but anyway. I am totally in love with it. i know many people think the second half isn't as strong (kind of like the WALL•E thing actually... as it is kind of bifurcated) but honestly i didn't need it to be uproariously funny for the entire running time.

October 16, 2011 | Unregistered CommenterNathanielR

Have I missed something, or has no big Oscar-analyst on the web predicted DuJardin to win? That seems like an obvious prediction to me. Hell, if they'll give it to Benigni....

October 16, 2011 | Unregistered CommenterThe Jack

I think jardin will win.

October 16, 2011 | Unregistered CommenterMrripley

A! Yay!

(Great write-up, Nathaniel. Your analysis of some of the shots made me appreciate the film even more!)

October 16, 2011 | Unregistered CommenterEvan

Thank you for the review!
I did't like it as much as you did but I liked it just fine. Witty, inventive and moving.
Maybe some times I felt it was being all style and nothing else and that's why I didn't love it.

October 16, 2011 | Unregistered CommenterJames T

Nathaniel - I'm right on the same page with you on this. Loved that the film was willing to risk departing from a strictly comedic POV in the second and third act. The tilt toward classic Hollywood melodrama gave the second half a charge all its own and was as expertly handled as the first act comedy. And I swear - the final sequence of the film is about the most happy making five or so minutes of anything I've seen in I can't even tell you how long. I don't really want to give it away in any way shape or form, but that the whole... thing... was done in wide shot (and with only a couple cuts, I think) just made my day.

October 16, 2011 | Unregistered CommenterRoark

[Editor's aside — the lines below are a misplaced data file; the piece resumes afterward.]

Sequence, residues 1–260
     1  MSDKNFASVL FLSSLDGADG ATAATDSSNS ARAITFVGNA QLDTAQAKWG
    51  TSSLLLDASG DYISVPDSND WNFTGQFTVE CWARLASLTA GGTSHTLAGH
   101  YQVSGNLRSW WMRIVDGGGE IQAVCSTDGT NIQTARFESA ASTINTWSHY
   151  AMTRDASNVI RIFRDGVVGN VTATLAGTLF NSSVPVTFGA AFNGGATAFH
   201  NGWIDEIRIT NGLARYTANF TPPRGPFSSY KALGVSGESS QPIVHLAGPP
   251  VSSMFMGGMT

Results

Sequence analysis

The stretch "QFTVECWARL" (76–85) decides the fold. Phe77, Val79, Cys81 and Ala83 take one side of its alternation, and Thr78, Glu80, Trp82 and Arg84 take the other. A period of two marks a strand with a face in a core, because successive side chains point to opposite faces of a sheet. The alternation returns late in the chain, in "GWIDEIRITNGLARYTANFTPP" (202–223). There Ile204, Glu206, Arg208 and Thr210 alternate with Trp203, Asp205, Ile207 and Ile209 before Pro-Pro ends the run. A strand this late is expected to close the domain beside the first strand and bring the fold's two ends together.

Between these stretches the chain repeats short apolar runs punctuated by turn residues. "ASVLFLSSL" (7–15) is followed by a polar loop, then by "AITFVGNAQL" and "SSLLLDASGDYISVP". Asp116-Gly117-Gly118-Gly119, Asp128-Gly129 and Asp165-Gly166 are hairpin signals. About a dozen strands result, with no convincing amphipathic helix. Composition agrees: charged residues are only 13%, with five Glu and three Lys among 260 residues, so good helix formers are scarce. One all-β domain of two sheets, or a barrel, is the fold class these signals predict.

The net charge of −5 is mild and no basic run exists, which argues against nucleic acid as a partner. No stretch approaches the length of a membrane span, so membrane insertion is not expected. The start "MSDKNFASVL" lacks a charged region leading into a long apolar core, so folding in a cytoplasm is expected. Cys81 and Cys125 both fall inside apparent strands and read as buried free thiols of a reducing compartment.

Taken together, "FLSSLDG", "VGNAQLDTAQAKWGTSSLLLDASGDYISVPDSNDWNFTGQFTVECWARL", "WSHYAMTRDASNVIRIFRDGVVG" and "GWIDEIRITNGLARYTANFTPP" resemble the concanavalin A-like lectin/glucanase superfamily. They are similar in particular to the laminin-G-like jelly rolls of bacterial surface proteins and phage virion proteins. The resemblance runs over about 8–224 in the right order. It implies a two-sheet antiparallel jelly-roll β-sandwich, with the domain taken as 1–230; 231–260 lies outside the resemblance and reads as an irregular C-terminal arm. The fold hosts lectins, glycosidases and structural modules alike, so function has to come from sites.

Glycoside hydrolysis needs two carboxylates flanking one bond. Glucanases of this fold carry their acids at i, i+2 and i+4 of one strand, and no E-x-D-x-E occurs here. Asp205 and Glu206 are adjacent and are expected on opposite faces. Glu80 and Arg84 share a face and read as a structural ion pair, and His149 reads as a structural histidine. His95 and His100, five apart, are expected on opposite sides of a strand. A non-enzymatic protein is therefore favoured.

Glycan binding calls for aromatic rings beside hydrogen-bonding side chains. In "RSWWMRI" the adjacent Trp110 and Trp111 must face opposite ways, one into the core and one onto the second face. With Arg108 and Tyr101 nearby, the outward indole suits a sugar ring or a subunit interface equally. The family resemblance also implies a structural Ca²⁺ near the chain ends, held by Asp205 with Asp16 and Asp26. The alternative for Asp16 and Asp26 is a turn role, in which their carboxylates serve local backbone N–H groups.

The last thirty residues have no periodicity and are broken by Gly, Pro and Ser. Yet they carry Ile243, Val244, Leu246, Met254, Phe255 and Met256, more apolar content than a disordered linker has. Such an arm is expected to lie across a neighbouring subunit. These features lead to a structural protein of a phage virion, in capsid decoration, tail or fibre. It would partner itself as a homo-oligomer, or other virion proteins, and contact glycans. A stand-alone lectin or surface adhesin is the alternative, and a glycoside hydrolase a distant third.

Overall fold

I hope The Artist wins the Best Picture Oscar even if it will make Harvey Weinstein even more obnoxious. The Artist was made with so much love for the medium, it deserves all the praise it is getting. Both lead actors are wonderful -- and that dog.

But will someone explain the use of Bernard Herrmann's music near the end of the film?

October 16, 2011 | Unregistered CommenterGabriel Oak

Thank you for the review Nat, now I am really dying to see this. (Visually, I thought it interesting that what I saw of the trailer indicates a style closer to late '30's - '40's film than the 1920's. I'm interested to see how they make it all come together for myself.) And, black and white on the big screen? Yes, please. (The question is - will they have it at a single cinema in Connecticut that I can actually get to? I'm not holding my breath on that one.) This already feels like a movie that I need to see in the theater.

October 17, 2011 | Unregistered CommenterJanice

I'm not as infatuated with it as others although it was undoubtedly a joy to watch, and I do think it will end up taking Best Picture. Didn't it just win the audience award at the Hamptons festival where a bunch of East Coast AMPAS voters are who gave it to The King's Speech last year? It just seems to fit the trope so well of the fresh and perhaps edgy-seeming film that really tugs at the most traditional of emotions that the Academy's always gone for, like Slumdog Millionaire.

October 17, 2011 | Unregistered CommenterJack

Janice - Hazanavicius said in the Q&A after my screening that his touchstones from the silent era were The Crowd, Sunrise, and some Frank Borzage films (oh, and Fritz Lang's Spies for one sequence in particular) - and those directors/films all anticipate/lay the groundwork for the classic sound era aesthetic you picked up on. Though there's also no doubt that he's working within that 30s/40s stylistic template as well. i thought the work rather seamless, myself, while also being aware of his reference points throughout. The film threads the needle nicely in that regard.

October 17, 2011 | Unregistered CommenterRoark

I absolutely loved everything about The Artist! I gave it an A+ when I saw it at TIFF. If there is an actor I want to win the Best Actor Oscar over my bebe Michael Fassbender,.. it is Jean, he deserves it straight up. Hell, even Uggy should win Best Supporting Actor! I can't wait to see it again, and The Artist will be in my DVD collection.

October 17, 2011 | Unregistered CommenterSimone

But perhaps most importantly, "The Artist" is just flat out entertaining. In this era when technology and brands seem to precede ideas and talent, Hazanavicius' film is a reminder that a good story, with great acting that delivers what it promises will always go further than gimmicks and temporary pop culture phenomenons. I will buy this movie and buy essay about it!

November 28, 2011 | Unregistered CommenterLesha Conner